The Worst Ways to Choose a Computer Password

Like most of America, I'd rather worry about online security than change my computer passwords, thanks.

My son Jake came home from college this weekend to watch the Super Bowl with us — I think because he likes my guacamole. The night before the big game, he and I and my husband got to talking about computer passwords. Jake’s a computer science major, and he announced that the best way to choose a password is to pick any three random words out of the dictionary and string them together. (He said this proved it, which it well might, if I understood it.) I announced that that was stupid, because how would you ever remember three random words?

I grew up in the days when you only had to remember two things in life: your street address and your seven-digit phone number (and the first two numbers of that were actually letters). There was no such thing as identity theft, except on The Fugitive. Now I’m expected to memorize — and keep straight — dozens of different passwords that online gatekeepers to my bank, my work email, my home email, my Twitter account, my Amazon one-click account, my primary-care physician’s health portal, etc., etc., etc., decree must be between seven and 10 characters, or must be at least 11 characters, or can be no more than five characters, or must contain at least two letters or can contain no letters or must be all lower-case or must include at least one upper-case letter and the name of one living ex-president.

This wouldn’t be so bad if my mind wasn’t already stuffed with a whole bunch of other people’s very important numbers, like both kids’ FAFSA passwords, their SAT results, the amounts of their college loans, their birthdays, their birth weights, and other crap I just can’t seem to forget, like the address of every house I’ve ever lived in, even though I really could use that space for my guacamole recipe.

What makes passwords so hard to me is that you don’t just have to remember them; you have to remember the reason why you chose that password, rather than some other string of letters and numerals. Once you decide that your bank password, for example, will be your first pet’s name plus the first three digits of your current license plate, you have to hang onto that pretty random combination and not get confused into wondering if it was your first pet or your first cat, and was it the first three digits of your license plate or your high-school GPA?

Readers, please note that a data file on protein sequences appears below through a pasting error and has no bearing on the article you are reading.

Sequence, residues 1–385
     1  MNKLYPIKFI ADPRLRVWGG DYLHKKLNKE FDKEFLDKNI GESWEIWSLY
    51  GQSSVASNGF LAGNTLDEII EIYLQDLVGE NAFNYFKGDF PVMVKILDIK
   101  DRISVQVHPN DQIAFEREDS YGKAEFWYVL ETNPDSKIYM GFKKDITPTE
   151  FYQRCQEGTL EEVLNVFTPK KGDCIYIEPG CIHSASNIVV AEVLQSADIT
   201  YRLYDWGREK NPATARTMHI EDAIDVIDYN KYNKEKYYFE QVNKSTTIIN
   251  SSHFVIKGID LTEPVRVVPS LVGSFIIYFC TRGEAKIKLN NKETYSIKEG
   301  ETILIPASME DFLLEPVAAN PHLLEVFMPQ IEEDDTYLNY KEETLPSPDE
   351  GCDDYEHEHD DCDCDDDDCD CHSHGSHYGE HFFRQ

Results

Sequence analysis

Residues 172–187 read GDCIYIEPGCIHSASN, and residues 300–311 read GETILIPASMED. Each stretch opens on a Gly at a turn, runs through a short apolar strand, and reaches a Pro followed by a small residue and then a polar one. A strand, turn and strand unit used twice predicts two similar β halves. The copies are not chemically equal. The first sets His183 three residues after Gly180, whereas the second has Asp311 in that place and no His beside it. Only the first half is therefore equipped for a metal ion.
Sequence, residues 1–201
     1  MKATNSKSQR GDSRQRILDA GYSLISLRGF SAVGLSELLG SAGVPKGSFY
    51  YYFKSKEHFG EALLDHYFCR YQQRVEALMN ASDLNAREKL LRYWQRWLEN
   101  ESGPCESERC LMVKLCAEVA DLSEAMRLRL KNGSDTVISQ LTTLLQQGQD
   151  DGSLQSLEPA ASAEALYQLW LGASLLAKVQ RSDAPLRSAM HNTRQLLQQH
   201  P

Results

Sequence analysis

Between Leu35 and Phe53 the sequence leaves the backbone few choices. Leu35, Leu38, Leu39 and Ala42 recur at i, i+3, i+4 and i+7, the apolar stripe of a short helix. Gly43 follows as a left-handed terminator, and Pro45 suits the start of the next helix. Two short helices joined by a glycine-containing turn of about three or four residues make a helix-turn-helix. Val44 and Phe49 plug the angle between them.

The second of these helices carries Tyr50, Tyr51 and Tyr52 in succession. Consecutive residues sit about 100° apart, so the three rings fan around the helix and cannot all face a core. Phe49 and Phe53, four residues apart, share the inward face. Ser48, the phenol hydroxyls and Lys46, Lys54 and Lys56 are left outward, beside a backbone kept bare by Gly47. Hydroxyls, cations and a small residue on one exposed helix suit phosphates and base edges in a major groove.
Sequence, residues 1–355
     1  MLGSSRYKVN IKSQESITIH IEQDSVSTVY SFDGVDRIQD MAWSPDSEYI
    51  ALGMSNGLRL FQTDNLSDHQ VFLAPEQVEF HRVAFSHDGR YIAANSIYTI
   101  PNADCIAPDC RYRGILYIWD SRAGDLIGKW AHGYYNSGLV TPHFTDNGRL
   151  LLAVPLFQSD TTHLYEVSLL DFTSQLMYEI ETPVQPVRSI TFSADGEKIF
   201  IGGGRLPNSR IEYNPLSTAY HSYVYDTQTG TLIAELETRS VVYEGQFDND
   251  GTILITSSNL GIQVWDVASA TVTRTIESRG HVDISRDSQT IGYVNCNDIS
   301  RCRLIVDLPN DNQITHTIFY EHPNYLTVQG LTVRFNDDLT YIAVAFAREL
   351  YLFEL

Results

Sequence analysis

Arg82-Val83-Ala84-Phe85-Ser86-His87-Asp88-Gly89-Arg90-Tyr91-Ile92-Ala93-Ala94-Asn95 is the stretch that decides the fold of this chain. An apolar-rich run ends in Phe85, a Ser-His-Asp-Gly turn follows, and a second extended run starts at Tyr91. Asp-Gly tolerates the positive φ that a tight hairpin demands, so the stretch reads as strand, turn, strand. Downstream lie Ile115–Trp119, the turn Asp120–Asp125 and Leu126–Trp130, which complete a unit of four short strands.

Clearly, anybody who intends to get anything done in this life besides remembering passwords has to come up with a system, which I have. I have three passwords that I use for pretty much everything. Jake is appalled by this. So is my husband Doug, who over the years has concocted an elaborate system for choosing and regularly updating his array of passwords — one that involves, if I have this right, the month, the English Premier League standings and the phases of the moon. He says it’s nearly hack-proof, and he may be right, because he’s never been hacked. But then, neither have I. This survey says most Americans only change their passwords once a year, but 89 percent of us feel secure about our online security. (It also shows that 18-to-24-year-olds reuse passwords more than any other age group.)

I do know there’s nothing so frustrating as trying to view your bank account online and not being able to remember which password you used, then trying one password after another until the bank thinks you’re a hacker and freezes you out, at which point you have to wait and begin the whole process again. Once when this happened, I threw up my hands and let the bank send me a whole new password, which I think was supposed to be temporary but which I kept because the combination of rhyming letters and numbers in it sounds like a pretty little song. I’d sing for you, but then you could hack into my bank account.

Anyway, another recent survey of workers in five different countries, including the U.S., showed that on average, they only use three different passwords in their online lives. Fifty-six percent said they reuse the same passwords for work and personal stuff, and 20 percent share their passwords with fellow workers, which I think is rather nice and comrade-y but which the survey-givers didn’t, since they were studying workplace risk management. The survey also showed that one in every five U.S. workers would sell their work passwords to a third party for as little as $150.

I would never sell any of my three passwords, because then I’d have to learn new ones, and I’m too old for that.

I suppose I could do what Doug does, and keep a regularly updated list of my phases-of-the-moon-and-Premier-League passwords in a file on my computer. But Jake burst out laughing when he heard that, so I’m guessing it’s not a great idea.

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